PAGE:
6. If we need marriage counseling, what do we expect from a counselor?
It’s helpful to think ahead about what kind of personality, approach, or even gender you’d like in a counselor. Furthermore, you and your partner may prefer someone who can gently guide you through this, at times, delicate process.
Perhaps, you both would prefer someone who is no-nonsense. You’ve had enough beating around the bush and want to get to the heart of the issue. You might have even heard of a form of couples therapy that you and your partner are interested in and are hoping to try.
All of these are things to consider before choosing a counselor.
Another way to look at this is to ask yourself what tools you want your counselor to have while assisting you. Are you battling anxiety? Does it take a took on your relationship? You may want to choose a counselor that specializes in such issues.
There are many different types of specializations a counselor can have, and choosing the one with the skillset most suited to you can enhance your experience in therapy. And each couple is unique, so you’ll want your therapist to be able to work with the individual aspects of your relationship.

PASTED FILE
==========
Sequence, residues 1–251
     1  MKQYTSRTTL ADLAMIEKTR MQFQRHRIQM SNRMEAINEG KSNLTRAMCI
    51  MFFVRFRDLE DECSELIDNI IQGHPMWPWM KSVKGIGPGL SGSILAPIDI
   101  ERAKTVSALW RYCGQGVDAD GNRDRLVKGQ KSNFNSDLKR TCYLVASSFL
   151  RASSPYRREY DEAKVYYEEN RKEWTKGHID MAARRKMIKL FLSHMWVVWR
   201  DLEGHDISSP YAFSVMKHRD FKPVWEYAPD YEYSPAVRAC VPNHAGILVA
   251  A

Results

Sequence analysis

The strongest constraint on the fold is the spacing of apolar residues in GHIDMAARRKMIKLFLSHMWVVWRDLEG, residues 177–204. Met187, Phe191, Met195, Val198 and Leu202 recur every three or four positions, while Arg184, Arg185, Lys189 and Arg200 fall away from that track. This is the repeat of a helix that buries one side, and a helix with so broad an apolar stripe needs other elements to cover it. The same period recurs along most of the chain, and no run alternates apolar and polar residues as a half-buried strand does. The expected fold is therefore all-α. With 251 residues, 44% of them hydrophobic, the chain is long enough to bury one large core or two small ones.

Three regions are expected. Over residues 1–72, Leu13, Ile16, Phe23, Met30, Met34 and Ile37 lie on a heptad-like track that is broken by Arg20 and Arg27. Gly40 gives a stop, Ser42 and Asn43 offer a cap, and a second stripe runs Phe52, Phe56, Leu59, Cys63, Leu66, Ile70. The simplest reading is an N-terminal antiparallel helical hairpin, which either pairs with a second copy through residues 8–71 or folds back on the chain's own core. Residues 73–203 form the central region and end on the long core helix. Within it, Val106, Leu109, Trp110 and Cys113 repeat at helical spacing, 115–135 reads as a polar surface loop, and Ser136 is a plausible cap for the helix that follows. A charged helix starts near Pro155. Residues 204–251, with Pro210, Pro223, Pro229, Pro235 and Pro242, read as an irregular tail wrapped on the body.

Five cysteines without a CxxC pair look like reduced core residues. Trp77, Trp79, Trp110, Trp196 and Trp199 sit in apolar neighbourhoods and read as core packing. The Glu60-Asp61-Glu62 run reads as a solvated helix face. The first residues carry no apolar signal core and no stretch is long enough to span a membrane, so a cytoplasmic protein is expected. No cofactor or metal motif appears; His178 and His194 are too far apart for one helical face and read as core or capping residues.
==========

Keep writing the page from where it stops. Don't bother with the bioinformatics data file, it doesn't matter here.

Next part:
Don’t Worry Though
The fact that you are willing to search for help is a pretty big deal. It’s not at all abnormal to meet a therapist that doesn’t quite fit your needs. What you and your partner feel will lead the way.
At least you are trying to have them met! At least you can acknowledge you have needs!
Your counselor is there to act as a guide, but it is ultimately up to you to take the steps required for the relationship to succeed and flourish. Finding the right counselor is part of the process, so consider what you are working with and how that translates into what professional you choose.